Maybe brass band players in New Orleans should sit down and have a talk with the flamenco musicians of Seville, Spain. There’d be some shared rhythmic legacies to discuss, sure. But more to the point, some common and pressing problems with local governments and police.
As readers of this blog know, I’ve been writing consistently about tensions between the celebrated jazz culture of New Orleans and the powers that be in that city—about efforts to inhibit or even shut down cultural expression in ways that reflect not just the forces of gentrification and commercialization but also long-simmering political and social divides.
I’ve also been looking into similar dynamics in other cities—say, when the Giuliani administration in New York City began shutting down rumbas in public parks as part of its “Zero Tolerance” policing program.
A friend just forwarded an article at Truthout by Yossi Bartal that begins like this:
Recently recognized by UNESCO as Intangible Cultural Heritage of Humanity and increasingly used by communities in southern Spain to attract tourism, flamenco music and dance seem to enjoy an unprecedented revival all around the world. But the public spaces and social centers that play a major role in the formation of flamenco culture are increasingly threatened by gentrification, newly legislated municipal ordinances and heavy policing.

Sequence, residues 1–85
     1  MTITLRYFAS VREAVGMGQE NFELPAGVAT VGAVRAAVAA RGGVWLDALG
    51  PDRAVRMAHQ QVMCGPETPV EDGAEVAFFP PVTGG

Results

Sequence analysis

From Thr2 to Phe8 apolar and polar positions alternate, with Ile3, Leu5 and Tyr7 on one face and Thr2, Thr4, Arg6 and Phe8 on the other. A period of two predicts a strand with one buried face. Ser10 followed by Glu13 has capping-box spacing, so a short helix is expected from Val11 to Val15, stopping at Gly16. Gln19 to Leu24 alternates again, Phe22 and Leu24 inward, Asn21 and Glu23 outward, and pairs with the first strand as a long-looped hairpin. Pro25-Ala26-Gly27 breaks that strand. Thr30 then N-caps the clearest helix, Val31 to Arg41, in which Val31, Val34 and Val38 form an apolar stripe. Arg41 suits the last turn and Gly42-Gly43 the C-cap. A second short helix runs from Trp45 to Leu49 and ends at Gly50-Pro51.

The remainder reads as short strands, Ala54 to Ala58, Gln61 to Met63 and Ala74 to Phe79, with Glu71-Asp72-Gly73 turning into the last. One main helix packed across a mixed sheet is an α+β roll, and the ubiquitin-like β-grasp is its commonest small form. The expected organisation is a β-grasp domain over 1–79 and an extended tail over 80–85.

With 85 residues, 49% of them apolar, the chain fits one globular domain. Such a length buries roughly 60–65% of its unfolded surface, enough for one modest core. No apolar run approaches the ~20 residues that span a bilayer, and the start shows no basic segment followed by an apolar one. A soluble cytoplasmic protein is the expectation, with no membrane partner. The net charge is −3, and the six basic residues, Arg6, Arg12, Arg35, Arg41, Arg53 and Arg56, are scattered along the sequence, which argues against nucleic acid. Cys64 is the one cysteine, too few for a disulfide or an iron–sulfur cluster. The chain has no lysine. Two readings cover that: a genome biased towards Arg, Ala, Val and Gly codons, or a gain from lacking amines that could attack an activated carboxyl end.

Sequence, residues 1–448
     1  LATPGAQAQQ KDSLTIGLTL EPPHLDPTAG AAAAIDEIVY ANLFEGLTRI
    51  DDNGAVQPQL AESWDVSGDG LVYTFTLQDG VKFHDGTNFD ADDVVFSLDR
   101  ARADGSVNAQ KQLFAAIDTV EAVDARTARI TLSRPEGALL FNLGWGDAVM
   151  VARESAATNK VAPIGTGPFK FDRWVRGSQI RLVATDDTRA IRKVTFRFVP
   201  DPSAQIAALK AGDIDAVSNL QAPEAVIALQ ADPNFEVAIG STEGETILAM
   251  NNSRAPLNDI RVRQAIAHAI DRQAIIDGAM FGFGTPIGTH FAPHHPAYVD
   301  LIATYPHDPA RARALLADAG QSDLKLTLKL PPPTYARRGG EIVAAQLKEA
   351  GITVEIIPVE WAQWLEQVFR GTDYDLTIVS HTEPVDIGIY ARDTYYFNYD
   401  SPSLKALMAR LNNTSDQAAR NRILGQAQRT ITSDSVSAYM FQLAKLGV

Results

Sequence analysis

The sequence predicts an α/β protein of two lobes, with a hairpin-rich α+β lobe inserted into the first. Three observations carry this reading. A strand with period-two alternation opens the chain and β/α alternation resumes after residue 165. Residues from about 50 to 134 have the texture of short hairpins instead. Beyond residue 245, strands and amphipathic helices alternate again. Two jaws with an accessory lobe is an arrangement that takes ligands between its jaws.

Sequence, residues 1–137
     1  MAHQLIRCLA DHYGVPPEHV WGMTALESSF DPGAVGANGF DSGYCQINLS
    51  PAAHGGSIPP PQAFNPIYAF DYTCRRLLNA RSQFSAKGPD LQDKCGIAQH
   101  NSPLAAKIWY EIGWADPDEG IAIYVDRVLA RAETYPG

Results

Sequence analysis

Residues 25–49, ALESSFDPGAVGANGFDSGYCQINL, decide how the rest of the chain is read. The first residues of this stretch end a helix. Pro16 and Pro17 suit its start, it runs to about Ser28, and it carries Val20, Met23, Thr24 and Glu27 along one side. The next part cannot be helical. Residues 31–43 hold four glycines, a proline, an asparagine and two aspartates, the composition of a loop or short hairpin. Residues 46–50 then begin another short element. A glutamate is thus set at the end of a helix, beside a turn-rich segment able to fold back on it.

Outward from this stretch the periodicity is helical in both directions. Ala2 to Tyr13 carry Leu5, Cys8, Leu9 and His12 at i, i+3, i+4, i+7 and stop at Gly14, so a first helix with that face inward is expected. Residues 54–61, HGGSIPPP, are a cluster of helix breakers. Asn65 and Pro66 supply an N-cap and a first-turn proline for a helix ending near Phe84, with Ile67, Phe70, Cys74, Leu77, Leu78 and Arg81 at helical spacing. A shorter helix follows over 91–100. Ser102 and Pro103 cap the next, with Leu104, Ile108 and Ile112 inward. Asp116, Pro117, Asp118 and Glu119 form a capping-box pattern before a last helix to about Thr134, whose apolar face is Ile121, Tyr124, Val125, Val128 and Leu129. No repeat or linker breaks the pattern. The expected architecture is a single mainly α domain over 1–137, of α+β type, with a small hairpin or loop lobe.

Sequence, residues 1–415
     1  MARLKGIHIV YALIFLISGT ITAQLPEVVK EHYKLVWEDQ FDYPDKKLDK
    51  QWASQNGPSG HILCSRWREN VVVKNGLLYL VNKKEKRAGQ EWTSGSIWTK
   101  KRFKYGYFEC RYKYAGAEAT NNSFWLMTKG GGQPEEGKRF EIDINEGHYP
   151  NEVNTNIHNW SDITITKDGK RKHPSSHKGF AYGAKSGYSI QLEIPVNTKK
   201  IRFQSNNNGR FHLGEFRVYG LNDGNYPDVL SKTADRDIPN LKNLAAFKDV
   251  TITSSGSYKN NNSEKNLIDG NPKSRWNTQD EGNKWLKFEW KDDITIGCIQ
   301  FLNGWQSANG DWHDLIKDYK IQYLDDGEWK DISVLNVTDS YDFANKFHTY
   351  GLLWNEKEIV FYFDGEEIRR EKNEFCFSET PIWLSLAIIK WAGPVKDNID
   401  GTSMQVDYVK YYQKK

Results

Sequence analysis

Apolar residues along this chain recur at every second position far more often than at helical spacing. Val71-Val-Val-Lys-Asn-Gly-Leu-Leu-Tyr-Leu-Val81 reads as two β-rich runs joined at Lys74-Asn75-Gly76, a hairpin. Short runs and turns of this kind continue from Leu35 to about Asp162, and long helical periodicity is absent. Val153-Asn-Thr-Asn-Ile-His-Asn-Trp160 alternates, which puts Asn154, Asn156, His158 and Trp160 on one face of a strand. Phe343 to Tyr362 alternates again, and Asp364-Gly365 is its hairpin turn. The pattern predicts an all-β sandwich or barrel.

I’d literally just written these lines:
Now—as a yet undefined “new” New Orleans rubs up against whatever is left of the old one—a revival of rarely enforced ordinances has met a fresh groundswell of activism. Brass bands have been shut down on their customary street corners, where they play for passersby. Music clubs have increasingly been hit with lawsuits and visited by the police responding to phoned-in complaints. All this has happened in the context of swift gentrification of neighborhoods such as Tremé, long a hothouse for indigenous culture. Continue reading “In Spain, As In New Orleans, Culture Finds Trouble With The Law”